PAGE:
“I’m leaving,” said Frank Lin, a Taiwanese businessman who is shutting down his factory in Dongguan. “There’s no future for this place.”
Lin, 55, sat in a cavernous dining room at the Haiyatt Garden Hotel where only two tables had diners. This room used to be packed every night, Lin said.
Americans are more accustomed to hearing about Rust Belt manufacturing towns in decline — after the jobs left for China. But in China, too, there are places where factories are shuttering and the future is uncertain.
China’s reliance on cheap labor has powered the country’s economy to unprecedented heights. But China’s manufacturing sector is running into problems these days: squeezed from one end by places with even lower labor costs, such as Laos and Vietnam, and yet struggling to move to higher ground making more advanced products because of competition from developed nations such as Germany and the United States.
“China’s manufacturers are in an extremely hard situation and facing what we call ‘a sandwich trap,’ ” said Zhang Monan, a researcher in economics at the State Information Center, a government think tank.
For China’s new leadership, which completed its once-in-a-decade turnover this month, the coming years include a big test. Even as China is poised to become the world’s biggest economy, it is still straining to make the transition from “the world’s factory” to becoming an economy on par with the United States.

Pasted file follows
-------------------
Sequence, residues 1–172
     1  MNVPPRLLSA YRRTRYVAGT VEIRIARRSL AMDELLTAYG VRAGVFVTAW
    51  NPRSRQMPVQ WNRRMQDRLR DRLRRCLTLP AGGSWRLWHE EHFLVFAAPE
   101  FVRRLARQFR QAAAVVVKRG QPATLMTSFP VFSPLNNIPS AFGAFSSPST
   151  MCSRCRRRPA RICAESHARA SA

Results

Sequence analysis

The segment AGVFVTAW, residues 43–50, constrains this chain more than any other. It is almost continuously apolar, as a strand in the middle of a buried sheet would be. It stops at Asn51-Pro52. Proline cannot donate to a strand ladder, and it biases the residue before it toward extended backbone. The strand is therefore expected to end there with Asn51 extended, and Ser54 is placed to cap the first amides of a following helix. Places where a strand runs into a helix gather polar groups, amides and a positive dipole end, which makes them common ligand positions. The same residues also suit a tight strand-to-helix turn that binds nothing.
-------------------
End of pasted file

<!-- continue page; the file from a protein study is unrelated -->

During the transition, the outgoing leader of the Communist Party, Hu Jintao, said that China’s “unbalanced, uncoordinated and unsustainable development” remains a major problem for the country, according to the official Xinhua news agency.
In a way, China’s model for its manufacturing sector has become the United States.
“China has to change its manufacturing strategy to be more innovative in technology and compete with a ‘reviving’ U.S.,” wrote Zhang, the researcher, this summer in an op-ed for the China Daily titled “Wake-Up Call for Industry.” “China is expected to face fiercer-than-ever competition from the United States in the manufacturing sector, making it all the more urgent for Beijing to expedite its industrial upgrade.”
It has been clear for a few years now that places such as Dongguan must adapt or risk getting wiped out. In March 2008, Wang Yang, the party secretary for Guangdong province, visited Dongguan, which was then a buzzing hub of activity.
“If Dongguan does not start to transform its industrial structure today,” he warned, according to the South China Morning Post, “it will be transformed [and lose out] tomorrow.”